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SEATTLE — Amazon is back in the business of buying growth.

The company has been investing heavily to keep its giant core businesses growing at the expense of profits. For its retail business, that means spending to ship items to customers in just one day, an expensive proposition that the company said has already kicked up more sales.

"They are leaning in to shipping because that is a lever that has worked for them in the past," said Sucharita Kodali, an analyst at Forrester Research.

On Thursday, the company reported it had $70 billion in sales, up 24% over a year ago, and $2.1 billion in profit, down 27.6%. Amazon had more sales but made less profit than analysts expected. Its shares fell about 7% in after-hours trading.

For Amazon's cloud computing services, the company is spending to hire for sales and marketing, the types of work Jeff Bezos, the company's founder, long eschewed but has become necessary as the company looks to sign up bigger legacy businesses.

 

'Who needs Cheetos that fast?'

The number of individual products Amazon sells is a key measure of its retail business, and unit growth had slowed starting about two years ago. In April, Amazon announced it was moving to make one-day shipping the default for Prime members, a way to lift growth again.

Last quarter, Brian Olsavsky, the company's finance chief, said the fast-shipping let people consider Amazon for purchases they needed quickly. "It strengthens your need to not have to go elsewhere to buy a product," he said. He also noted that there were higher-than-expected costs for the deliveries, for things like storing the products closer to where customers live.

The one-day offering lets Amazon get a bigger piece of consumers' wallets on products typically bought at grocery stores or pharmacies. A typical order for items shipped in two days or more is $23.33, and Amazon spends $5.08 to fulfill and ship the items, according to a Morgan Stanley analysis. But for one-day shipping, the typical order is much smaller — $8.32. And Amazon spends even more — $10.59 — to fulfill and ship the order, meaning it loses money on many sales.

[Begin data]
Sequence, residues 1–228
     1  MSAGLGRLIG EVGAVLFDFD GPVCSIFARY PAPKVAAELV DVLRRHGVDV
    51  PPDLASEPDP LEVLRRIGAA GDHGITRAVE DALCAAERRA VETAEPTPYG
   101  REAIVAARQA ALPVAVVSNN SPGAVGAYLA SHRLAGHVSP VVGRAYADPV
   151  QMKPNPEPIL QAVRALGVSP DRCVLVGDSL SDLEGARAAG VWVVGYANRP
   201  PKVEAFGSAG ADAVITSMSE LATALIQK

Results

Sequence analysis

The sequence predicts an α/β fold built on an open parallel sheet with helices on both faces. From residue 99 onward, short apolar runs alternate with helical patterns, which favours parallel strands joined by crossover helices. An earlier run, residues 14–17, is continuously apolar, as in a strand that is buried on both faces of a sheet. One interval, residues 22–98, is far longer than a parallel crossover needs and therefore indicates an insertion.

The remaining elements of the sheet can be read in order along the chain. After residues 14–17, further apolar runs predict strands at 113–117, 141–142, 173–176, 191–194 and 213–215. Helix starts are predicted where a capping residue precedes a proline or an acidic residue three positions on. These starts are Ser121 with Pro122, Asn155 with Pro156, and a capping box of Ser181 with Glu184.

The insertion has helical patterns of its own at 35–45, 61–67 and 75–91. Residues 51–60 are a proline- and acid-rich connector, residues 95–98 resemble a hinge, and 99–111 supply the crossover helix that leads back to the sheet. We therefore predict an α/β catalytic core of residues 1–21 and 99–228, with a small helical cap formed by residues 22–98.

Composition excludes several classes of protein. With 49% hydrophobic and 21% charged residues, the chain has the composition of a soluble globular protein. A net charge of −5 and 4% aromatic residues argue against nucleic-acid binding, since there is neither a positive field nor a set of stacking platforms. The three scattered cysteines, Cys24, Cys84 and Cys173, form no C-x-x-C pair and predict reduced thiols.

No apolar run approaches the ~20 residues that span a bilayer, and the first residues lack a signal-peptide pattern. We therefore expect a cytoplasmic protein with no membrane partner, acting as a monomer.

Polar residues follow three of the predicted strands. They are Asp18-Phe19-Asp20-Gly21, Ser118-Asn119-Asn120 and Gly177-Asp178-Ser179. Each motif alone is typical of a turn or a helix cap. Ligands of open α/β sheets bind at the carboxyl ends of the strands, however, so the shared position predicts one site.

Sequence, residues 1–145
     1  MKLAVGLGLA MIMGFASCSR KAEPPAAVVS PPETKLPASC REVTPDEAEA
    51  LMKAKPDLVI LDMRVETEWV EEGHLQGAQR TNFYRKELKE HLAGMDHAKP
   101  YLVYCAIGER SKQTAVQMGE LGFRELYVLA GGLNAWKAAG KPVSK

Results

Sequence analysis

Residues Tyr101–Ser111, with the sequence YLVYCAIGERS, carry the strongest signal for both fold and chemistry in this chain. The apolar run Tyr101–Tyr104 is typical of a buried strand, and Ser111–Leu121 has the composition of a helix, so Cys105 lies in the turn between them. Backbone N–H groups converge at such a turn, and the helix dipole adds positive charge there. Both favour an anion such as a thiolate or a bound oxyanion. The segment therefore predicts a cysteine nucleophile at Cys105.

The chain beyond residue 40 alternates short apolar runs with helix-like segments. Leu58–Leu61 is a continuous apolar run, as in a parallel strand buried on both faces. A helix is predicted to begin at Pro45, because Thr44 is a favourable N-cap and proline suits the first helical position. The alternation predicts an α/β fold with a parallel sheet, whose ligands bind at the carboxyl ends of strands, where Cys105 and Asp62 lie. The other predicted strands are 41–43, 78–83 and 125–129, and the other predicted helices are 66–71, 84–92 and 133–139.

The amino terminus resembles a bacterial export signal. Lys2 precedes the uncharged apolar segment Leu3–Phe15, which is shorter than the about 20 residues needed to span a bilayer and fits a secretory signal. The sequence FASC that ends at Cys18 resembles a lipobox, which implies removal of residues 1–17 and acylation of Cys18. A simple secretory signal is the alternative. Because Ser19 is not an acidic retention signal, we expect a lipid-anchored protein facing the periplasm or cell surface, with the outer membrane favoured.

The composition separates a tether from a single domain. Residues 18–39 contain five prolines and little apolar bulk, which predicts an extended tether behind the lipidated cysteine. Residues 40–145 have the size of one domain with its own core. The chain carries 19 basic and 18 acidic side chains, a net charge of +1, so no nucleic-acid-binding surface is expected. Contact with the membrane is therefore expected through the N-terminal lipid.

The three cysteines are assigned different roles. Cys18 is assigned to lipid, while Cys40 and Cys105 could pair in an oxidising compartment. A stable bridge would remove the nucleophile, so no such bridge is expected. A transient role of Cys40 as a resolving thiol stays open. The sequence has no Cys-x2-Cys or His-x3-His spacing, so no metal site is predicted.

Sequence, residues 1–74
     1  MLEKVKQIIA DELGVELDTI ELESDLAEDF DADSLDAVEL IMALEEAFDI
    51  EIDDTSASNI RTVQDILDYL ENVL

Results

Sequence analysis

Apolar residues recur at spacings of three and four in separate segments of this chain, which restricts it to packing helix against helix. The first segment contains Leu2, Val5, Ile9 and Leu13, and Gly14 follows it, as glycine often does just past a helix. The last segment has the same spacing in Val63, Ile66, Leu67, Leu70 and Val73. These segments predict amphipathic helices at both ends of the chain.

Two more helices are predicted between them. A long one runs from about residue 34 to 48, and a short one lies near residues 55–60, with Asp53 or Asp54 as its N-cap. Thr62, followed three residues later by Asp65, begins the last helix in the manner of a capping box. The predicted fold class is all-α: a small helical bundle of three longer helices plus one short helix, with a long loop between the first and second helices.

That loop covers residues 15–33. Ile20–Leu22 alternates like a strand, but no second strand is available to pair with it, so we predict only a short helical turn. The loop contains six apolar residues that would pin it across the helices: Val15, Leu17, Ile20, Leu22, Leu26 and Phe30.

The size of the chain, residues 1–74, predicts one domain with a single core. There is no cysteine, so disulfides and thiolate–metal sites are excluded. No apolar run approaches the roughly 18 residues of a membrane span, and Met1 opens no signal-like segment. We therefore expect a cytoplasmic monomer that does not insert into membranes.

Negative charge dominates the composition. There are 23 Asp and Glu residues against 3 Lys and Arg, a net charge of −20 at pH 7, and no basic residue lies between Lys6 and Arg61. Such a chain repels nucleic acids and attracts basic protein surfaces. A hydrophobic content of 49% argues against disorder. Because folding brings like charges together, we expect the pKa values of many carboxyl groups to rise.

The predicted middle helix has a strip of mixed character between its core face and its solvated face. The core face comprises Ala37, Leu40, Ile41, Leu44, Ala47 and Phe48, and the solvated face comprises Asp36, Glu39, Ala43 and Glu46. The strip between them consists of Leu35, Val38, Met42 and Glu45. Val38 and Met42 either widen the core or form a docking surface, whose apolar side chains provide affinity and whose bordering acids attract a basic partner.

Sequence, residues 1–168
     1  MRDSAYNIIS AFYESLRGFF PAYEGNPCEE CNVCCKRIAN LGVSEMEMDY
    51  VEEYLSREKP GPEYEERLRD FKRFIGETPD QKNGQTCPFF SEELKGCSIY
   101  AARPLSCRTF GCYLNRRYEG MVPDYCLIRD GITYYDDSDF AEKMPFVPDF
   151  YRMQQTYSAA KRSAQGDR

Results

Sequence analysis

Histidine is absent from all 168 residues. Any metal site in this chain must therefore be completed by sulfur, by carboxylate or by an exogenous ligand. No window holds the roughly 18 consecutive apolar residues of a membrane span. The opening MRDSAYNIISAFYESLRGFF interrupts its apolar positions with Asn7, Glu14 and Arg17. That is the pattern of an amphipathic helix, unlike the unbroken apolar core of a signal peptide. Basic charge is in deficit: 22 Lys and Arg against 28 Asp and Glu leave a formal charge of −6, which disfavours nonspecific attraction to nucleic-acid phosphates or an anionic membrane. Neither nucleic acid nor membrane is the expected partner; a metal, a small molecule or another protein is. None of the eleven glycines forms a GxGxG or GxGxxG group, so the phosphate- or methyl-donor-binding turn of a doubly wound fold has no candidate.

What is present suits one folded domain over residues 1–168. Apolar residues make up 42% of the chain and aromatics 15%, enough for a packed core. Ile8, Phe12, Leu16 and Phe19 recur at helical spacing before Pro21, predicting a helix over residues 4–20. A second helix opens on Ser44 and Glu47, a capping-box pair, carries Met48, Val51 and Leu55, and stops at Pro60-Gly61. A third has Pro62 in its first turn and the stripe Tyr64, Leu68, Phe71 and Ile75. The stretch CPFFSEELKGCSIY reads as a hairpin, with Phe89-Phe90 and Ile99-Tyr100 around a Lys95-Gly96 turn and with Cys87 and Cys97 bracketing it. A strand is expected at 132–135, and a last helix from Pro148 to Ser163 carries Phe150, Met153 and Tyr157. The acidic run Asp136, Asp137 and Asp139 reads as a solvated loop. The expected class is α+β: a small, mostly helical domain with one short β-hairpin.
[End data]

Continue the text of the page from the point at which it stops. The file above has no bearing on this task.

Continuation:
Kodali pointed out that Amazon said it would spend $800 million in the first-quarter of one-day shipping, and Amazon later said it would cost even more. "For what? Is that necessary? Who needs Cheetos that fast?" she said.

 

AWS is spending to reach larger customers

Amazon Web Services has been the leader in cloud computing, an approach to storing, computing and using data that the company pioneered. AWS grew with early, tech-forward adopters like Netflix and startups. Increasingly, Amazon is going after large corporations, which have far more complex processes to transform how they buy and use technology. This month, Amazon publicly celebrated as its own retail operations finally migrated off Oracle's databases, a not-so-subtle sign that large and complex organizations can operate on AWS.

But Amazon faces growing competition from Microsoft in particular, whose cloud products are catching up and benefit from the company's decades of experience specializing in selling to large companies.

Last quarter, AWS's profit margins were lower than investors expected, largely because of hiring sales and marketing staff. "We see great opportunity there to help customers engage with our services and migrate to our products," Olsavsky told investors last quarter.

 

Amazon's cloud business provides cash to fuel growth

The growth of AWS is key to all of Amazon in part because it is so much more profitable than the retail business. Even though AWS generates less than 15% of sales, it is the most valuable part of Amazon, according to analysts. The research firm Morningstar wrote last month that AWS was worth $550 billion. "This would make AWS the fourth-most valuable company in the world, trailing only Microsoft, Apple, and Alphabet, and ahead of other tech giants like Facebook and Alibaba," the research note said.

And Amazon has expanded the more profitable parts of its retail business. A growing share of sales on Amazon.com are from products sold by third-party sellers, a business that is profitable because Amazon gets a cut of each sale but does not have to take on the risk of buying and pricing products.

Amazon's "Other" business segment, which it says is largely ads, had more than $3 billion in sales in the last quarter. The ads are believed to be highly profitable, and give the company money to plow into other investments, like the one-day shipping.

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